Once a bank receives a short sale request from a homeowner, the bank performs a BPO (Broker Price Opinion), which is simply an opinion of what the house is worth from a local real estate broker. The bank uses this BPO when determining the short sale amount. 

But that doesn’t mean you shouldn’t be bargaining. In fact, the whole idea of going for a short sale is to find a home for less than market value. However, when making an offer, be sure you don’t lowball too much. 
If you’re interested in pursuing a short sale, your agent should check recent home sales in the area to get a better idea of the properties that are selling and work with you to come up with an appropriate price that’ll be more likely to be approved by the bank. 

When you make an offer on a short sale, federally regulated lenders must respond within 30 days and deliver a final decision within 60 days. However, that deadline has loopholes, as the lender can ask the seller for more paperwork and then delay the decision while waiting for that paperwork to arrive.

One important thing to keep in mind is that with a short sale, there is no leniency with the closing escrow date and a buyer must close on time. Because of this, it’s important to take care of all loan paperwork immediately after opening escrow.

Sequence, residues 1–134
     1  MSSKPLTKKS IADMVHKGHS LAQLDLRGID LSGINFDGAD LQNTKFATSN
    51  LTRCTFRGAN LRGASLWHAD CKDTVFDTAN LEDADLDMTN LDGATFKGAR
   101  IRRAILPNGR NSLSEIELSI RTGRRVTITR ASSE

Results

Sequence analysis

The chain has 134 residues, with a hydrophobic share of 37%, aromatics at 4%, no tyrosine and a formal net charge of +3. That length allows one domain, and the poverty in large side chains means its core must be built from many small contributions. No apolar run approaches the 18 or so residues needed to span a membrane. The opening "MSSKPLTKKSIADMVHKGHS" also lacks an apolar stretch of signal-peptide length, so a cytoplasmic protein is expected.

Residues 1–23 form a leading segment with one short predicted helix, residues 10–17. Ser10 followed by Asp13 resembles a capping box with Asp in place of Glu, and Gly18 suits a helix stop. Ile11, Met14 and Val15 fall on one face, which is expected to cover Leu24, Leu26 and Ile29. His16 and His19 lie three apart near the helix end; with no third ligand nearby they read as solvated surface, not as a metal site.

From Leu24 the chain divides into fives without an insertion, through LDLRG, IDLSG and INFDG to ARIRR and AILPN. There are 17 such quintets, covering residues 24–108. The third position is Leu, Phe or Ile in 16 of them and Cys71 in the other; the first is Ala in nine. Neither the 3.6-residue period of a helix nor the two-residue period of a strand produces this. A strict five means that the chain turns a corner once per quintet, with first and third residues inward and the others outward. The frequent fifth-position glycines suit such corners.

Also, be warned that when buying a home that’s listed as a short sale, chances are that there might be some issues that need to be addressed as the previous owners most likely didn’t spend the money or take the time to fix things that other sellers most often do. 

To learn more about short sales, contact our office today.

Published with permission from RISMedia.


5 Questions You Can't Afford to Overlook When Choosing an Agent

December 11, 2015 12:40 pm

The 2015 National Association of REALTORS® Profile of Home Buyers and Sellers revealed that 89 percent of sellers sold their home with an agent last year. It also notes that only 8 percent were FSBO sales, which is down from 9 percent the last three years, and the lowest share ever recorded since the survey’s 1981 inception.